WINNIPEG — Bob Picken, the Winnipeg-based sports reporter and colour commentator whose career spanned more than five decades, has died.
Picken died Wednesday at the age of 86.
His career began at CKY in the 1950s and by the time he called it quits in the late 2000s, he had been inducted into most every provincial sports Hall of Fame, and the Order of Manitoba.
Picken’s sports coverage included a stint as the voice of the Winnipeg Blue Bombers with CJOB in the 1960s, as well as CBC Radio’s voice of the Canadian Football League’s Grey Cup during the 1970s and ’80s.
He also covered 32 men’s and 16 women’s world curling championships, and 31 Briers.
Picken is survived by his wife, Barbara his sons, Shane and Bob. Jr. his daughter, Kelly and his grandchildren and great-grandchild.
“I think Bob was the last of that great old generation of sportscasters. One of the things that made him so great was he had the magnificent voice,” said Resby Coutts, former chairman of Curling Canada and a personal friend.
“Not only was there that voice, but he also had a very strong work ethic. Even late into his career, I never saw him do an ad lib on the radio. It was always a written or typed script.”
Coutts said what stood out about Picken was his precise memory and knowledge of the history of curling, although he said the same proved true for every sport his friend covered.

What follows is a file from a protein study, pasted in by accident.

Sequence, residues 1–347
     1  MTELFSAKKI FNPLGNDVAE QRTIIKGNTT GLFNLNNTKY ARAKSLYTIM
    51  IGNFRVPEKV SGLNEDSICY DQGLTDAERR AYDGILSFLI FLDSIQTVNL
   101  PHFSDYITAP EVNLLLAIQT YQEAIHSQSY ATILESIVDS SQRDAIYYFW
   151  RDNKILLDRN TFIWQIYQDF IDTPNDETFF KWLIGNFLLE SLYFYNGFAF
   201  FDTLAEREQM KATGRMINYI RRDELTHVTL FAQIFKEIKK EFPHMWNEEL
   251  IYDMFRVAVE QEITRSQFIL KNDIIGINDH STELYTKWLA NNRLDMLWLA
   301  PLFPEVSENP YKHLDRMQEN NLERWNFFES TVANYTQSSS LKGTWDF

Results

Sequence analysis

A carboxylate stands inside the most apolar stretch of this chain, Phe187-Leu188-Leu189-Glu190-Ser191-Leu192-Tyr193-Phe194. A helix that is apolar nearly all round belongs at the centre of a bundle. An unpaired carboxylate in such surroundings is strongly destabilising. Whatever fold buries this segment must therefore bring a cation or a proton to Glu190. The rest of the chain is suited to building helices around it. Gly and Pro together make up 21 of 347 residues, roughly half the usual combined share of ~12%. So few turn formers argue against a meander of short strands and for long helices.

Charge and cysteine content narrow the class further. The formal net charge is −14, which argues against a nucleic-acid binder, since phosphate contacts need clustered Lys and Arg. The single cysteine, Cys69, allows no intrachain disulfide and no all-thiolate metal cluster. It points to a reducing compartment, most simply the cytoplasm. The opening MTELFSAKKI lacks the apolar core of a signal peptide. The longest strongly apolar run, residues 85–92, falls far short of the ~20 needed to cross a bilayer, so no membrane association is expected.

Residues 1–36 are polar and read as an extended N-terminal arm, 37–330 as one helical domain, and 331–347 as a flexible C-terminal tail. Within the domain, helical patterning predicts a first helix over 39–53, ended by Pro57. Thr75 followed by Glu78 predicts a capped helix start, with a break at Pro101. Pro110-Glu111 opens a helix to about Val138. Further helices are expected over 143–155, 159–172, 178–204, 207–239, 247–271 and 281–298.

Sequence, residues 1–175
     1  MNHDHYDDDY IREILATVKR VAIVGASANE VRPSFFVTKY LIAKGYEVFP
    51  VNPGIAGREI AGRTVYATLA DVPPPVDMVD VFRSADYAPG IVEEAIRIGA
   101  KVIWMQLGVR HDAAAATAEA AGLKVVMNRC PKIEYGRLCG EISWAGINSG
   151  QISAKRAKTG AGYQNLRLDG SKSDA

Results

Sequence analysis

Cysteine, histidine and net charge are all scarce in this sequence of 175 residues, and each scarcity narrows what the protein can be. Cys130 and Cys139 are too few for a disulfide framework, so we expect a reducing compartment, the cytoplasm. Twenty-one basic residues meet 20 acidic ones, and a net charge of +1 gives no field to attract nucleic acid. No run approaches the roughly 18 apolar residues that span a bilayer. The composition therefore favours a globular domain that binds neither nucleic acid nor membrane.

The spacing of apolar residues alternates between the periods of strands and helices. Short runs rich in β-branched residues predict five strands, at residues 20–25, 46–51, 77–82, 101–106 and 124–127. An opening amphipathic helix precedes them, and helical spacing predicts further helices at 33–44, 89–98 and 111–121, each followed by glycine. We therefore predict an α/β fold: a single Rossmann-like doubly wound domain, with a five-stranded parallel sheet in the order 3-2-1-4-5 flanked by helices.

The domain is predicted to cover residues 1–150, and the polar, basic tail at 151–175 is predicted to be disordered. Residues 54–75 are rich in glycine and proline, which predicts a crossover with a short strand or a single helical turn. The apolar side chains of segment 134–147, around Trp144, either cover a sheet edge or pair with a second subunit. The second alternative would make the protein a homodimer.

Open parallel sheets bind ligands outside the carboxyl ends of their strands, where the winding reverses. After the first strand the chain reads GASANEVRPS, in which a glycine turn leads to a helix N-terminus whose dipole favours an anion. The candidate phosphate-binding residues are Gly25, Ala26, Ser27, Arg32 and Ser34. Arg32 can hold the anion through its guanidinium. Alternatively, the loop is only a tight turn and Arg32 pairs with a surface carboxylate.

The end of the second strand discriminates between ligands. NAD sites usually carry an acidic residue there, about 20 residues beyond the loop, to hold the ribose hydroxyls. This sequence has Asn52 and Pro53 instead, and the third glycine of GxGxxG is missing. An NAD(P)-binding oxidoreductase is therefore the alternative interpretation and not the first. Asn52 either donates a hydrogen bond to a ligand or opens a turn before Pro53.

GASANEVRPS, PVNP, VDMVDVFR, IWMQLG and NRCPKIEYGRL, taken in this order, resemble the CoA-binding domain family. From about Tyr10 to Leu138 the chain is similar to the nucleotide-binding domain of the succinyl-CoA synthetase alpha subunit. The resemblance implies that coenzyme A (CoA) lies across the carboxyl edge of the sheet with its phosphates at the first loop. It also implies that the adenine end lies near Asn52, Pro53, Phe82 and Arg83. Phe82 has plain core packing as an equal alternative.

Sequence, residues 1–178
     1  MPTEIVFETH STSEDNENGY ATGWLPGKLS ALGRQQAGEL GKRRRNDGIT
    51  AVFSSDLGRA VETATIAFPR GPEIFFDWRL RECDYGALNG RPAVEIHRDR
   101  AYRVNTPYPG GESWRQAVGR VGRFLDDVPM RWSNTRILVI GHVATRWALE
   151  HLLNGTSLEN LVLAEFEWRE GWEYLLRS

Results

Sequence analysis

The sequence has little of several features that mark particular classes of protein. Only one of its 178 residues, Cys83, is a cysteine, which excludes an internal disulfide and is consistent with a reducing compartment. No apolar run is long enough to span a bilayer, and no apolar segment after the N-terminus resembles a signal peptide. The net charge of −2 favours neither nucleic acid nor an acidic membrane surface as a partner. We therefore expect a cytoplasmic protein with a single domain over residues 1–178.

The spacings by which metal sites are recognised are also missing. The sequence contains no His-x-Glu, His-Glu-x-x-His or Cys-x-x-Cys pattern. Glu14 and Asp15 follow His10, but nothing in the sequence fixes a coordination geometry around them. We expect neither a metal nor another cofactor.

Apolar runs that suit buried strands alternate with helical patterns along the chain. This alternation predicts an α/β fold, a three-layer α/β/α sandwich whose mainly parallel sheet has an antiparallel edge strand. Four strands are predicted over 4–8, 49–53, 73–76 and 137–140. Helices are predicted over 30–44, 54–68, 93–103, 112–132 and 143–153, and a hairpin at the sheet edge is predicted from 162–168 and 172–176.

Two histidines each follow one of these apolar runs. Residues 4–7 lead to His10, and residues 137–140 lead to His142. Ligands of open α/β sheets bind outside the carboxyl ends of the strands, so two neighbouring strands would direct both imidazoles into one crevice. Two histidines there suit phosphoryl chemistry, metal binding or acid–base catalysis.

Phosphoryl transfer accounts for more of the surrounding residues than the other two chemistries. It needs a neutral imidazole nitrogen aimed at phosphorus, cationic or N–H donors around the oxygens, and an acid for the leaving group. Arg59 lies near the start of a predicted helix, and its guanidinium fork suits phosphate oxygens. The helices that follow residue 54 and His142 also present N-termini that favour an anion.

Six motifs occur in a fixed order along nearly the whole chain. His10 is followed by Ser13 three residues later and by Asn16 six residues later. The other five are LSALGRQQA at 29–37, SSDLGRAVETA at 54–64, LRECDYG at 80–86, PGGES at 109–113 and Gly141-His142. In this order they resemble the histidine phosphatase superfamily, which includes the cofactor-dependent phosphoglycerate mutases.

“Most of the guys who followed behind him were in awe of his memory. He could bring forth facts from 17 years ago that paralleled a current situation. He was able to weave a story that connected what was happening in the moment to legends of the past.”
Picken is a member of the Manitoba Hockey Hall of Fame, Manitoba Baseball Hall of Fame, Manitoba Curling Hall of Fame, Manitoba Golf Hall of Fame, Manitoba Sports Hall of Fame, Curling Canada Hall of Fame, Canadian Football Hall of Fame and World Curling Hall of Fame.
“My father did not take those accolades for granted. He was quite honoured to be inducted into those halls of fame, particularly because of the other people who were there. I think he was humbled to be recognized alongside those people,” his son Bob Jr. said Wednesday.
“He dedicated himself to the sports scene in Manitoba, Canada, the world — whether it was curling, golf or baseball. I think people have a lot of respect for people who have dedicated such energy to giving back to the community,” he said.
There was an outpouring of condolences posted Wednesday evening to social media. Coutts said he thinks it speaks to the kind of man Picken was, and the impact he had on his community.
“I think it says everything you need to say about a man when people want to speak to the fact that they will miss him. I would suggest that many people may never have even met him, but they felt they knew him because he was a part of their life,” said Coutts.